The U.N. refugee agency warns of dire global consequences if millions of refugees and other forcibly displaced people fail to receive the support needed to protect them from COVID-19 and prevent the virus from spreading in host communities.
COVID-19 is the agency's most underfunded emergency. It tops the list of the 10 most forgotten refugee crises worldwide which include Iraq, Syria, South Sudan, and several other countries in Africa, Asia and Latin America.
The U.N. refugee agency reports it has received only one-third of the $924 million it needs for COVID relief. Most refugees live in developing countries with fragile health systems that have difficulty caring for their own people. Unlike the world's wealthier nations, the poorer countries have limited access to life-saving vaccines.
Chief of UNHCR's Public Health Section, Ann Burton, says that until now, most hosting states have been sharing their scant supplies with the refugees.
"However, we have seen that many barriers to vaccine access remain," she said. "UNHCR stands ready to support states to overcome some of these barriers, provided we have the means to do so. … The pandemic hurts forcibly displaced and stateless people in ways that reach far beyond the risk posed by the virus itself. And failure to adequately fund the response only deepens their plight."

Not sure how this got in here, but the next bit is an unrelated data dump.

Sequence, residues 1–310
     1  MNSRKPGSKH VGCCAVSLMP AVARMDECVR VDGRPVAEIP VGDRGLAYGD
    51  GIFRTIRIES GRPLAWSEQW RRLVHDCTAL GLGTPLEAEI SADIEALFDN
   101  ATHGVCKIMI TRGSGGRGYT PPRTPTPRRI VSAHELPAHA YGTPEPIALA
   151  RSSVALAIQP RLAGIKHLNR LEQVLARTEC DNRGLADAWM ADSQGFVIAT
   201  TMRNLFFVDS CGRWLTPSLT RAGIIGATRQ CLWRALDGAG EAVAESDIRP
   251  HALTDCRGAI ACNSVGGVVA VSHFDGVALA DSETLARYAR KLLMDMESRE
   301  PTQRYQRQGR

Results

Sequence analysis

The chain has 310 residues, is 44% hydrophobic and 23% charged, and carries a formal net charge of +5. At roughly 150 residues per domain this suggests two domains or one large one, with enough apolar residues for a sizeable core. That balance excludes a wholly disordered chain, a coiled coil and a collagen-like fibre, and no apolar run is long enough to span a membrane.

UNHCR data show more than 100,000 refugees have been infected with COVID-19, including more than 1,850 deaths. However, Burton says this number is vastly underreported and does not reflect the severity of the pandemic in refugee communities.
She says the economic fallout of the pandemic is having a devastating impact on the lives and livelihoods of refugees. She says they cannot afford to pay rent and provide for other necessities such as food, health care, and education.
"UNHCR calls upon states to include refugees in national social safety nets and on donors to support us, in order to help fill that gap," Burton said. "Our COVID-19 response covers every region and encompasses the whole spectrum of needs — reflecting the wide-reaching ramifications of the pandemic on the lives of those forced to flee."
The UNHCR notes forcibly displaced people constitute 1 percent of the world's population. It warns that failing to integrate them into the global response would be reckless. This, it says, would risk the continued spread of the disease and prolong the pandemic.